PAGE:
Three years after filing a lawsuit against opioid distributors and manufacturers, Bexar County will see its first payment by the end of the year.
Bexar County commissioners approved accepting settlement payments totaling about $12 million from Johnson & Johnson after the company decided to settle instead of going to trial. The county sued more than 50 companies in 2018, including Johnson & Johnson.
Shelly Sanford, an attorney with Watts Guerra, a law firm representing Bexar County, advised commissioners to take the settlement with Johnson & Johnson. There were two settlements approved on Tuesday — the one filed by Bexar County against Johnson & Johnson, and the one handled by Texas Attorney General Ken Paxton, which covers the entire state.
Johnson & Johnson will directly pay Bexar County just under $2.3 million, while the county will receive $1.8 million as its share from the statewide settlement, Sanford explained. Paxton announced a $291 million settlement with Johnson & Johnson on Tuesday over opioid-related claims.
“I am pleased that all parties have reached final agreement on this monumental settlement,” Paxton said in a statement. “This is the next step to bring much-needed funding for Texans who have fallen victim to the irresponsible and deceptive marketing practices from opioid manufacturers that spurred this epidemic.”
This settlement also has the added benefit of an upfront payment timeline, Sanford said. A previously proposed settlement would have spread payments out over 18 years.
Bexar County’s lawsuit against the remaining companies, which was originally scheduled to go to trial in October 2020, is currently planned to go to trial next May, Sanford said. Those other companies named in the lawsuit still have time to propose their own settlements.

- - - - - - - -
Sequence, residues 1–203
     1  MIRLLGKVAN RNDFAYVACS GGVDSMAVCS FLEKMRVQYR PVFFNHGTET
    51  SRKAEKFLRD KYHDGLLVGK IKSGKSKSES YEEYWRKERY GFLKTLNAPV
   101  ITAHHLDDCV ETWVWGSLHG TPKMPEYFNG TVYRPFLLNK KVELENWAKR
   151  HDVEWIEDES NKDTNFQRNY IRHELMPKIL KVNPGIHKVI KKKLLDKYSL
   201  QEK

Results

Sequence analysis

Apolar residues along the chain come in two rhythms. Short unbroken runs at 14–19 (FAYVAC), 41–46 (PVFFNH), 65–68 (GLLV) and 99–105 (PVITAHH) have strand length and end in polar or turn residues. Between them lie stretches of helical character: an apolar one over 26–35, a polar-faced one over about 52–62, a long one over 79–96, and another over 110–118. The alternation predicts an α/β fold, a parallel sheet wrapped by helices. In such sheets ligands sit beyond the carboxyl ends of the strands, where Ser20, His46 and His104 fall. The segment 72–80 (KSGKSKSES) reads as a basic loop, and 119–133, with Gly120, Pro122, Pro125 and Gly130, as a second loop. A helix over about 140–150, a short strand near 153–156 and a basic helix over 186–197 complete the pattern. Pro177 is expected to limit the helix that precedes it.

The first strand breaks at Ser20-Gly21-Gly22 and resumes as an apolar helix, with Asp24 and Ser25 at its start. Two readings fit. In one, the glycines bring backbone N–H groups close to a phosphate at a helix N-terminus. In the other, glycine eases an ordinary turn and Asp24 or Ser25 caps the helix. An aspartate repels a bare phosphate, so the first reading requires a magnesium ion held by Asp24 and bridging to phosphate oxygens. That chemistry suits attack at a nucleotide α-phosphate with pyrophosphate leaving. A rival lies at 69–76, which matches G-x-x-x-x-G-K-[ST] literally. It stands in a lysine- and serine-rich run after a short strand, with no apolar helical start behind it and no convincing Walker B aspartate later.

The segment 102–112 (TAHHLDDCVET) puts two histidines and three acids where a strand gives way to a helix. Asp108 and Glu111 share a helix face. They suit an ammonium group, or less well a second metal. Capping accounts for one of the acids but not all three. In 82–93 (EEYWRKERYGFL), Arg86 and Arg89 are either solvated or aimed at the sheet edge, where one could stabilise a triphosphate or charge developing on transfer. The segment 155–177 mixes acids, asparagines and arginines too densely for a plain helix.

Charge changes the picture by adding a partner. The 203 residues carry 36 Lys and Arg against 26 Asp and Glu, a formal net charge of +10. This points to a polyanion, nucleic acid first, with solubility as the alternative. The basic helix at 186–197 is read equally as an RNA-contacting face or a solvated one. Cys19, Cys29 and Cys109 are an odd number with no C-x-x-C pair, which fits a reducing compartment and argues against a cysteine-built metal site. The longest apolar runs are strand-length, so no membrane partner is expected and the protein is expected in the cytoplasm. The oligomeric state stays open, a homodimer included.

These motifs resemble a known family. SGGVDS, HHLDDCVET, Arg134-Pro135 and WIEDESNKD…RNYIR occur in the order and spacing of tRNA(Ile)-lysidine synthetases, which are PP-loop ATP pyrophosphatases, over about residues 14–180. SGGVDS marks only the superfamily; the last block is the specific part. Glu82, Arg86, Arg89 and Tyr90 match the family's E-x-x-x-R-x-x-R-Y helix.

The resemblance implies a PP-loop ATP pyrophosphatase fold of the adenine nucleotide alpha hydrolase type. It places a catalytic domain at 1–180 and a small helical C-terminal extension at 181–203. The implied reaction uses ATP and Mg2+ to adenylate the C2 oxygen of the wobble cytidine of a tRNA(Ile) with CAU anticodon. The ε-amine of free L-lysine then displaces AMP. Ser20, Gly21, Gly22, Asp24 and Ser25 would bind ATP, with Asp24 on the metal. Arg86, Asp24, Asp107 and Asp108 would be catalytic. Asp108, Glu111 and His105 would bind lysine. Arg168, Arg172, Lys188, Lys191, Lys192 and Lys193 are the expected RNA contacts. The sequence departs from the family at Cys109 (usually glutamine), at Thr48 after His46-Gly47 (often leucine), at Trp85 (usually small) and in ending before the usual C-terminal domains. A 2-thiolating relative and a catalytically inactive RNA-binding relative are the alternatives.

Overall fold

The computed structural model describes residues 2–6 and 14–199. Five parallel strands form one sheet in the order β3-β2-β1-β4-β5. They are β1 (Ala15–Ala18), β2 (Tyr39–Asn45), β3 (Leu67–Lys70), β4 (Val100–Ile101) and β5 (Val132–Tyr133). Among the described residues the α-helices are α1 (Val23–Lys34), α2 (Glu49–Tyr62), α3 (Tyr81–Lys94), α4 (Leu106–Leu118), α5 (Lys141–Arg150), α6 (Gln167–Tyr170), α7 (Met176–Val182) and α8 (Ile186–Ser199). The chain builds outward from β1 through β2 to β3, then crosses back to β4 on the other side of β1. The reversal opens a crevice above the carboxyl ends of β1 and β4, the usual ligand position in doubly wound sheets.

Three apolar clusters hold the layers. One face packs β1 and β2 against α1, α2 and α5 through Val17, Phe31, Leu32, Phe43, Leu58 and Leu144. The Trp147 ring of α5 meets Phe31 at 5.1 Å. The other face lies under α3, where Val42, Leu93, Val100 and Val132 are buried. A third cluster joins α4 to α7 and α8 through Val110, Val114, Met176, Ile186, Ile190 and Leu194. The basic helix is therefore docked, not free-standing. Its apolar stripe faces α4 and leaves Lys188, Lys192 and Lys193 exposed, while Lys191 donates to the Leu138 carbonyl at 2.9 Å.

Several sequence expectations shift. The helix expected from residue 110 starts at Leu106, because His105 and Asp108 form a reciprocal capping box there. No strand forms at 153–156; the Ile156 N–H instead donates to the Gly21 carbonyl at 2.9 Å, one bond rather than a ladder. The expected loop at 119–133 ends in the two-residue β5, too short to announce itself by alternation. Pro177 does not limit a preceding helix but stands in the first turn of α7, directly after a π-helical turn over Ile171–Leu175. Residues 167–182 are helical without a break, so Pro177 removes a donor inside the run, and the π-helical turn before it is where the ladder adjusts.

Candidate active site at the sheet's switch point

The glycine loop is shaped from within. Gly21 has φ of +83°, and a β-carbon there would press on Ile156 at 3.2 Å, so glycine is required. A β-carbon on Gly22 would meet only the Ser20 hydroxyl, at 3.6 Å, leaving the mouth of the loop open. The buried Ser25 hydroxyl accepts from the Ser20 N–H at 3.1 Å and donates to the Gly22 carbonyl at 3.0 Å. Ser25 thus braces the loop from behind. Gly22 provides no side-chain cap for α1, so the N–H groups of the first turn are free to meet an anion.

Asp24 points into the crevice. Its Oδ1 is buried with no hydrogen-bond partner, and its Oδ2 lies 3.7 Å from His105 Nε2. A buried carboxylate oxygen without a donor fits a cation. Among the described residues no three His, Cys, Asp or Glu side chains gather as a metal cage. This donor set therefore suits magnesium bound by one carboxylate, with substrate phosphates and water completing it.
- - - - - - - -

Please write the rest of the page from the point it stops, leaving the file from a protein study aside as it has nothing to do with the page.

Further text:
“I would assume other companies are looking at this [settlement] and deciding whether it’s in their best interest to settle,” Bexar County Judge Nelson Wolff said.
Bexar County will receive another $8 million from the statewide settlement from funds allocated toward the “health care region” that the county resides in. The entire region should receive $17.6 million, Sanford said.
Wolff said commissioners will later have to decide how to use the settlement funds, but that when they first sued, they pledged to put any payout toward opioid and substance abuse treatment programs.
“As soon as we do get some of the money, we’ll seek out what are the best treatment programs to put that money into,” he said. “It’s a real positive step for Bexar County to finally take a step forward and actually get a settlement.”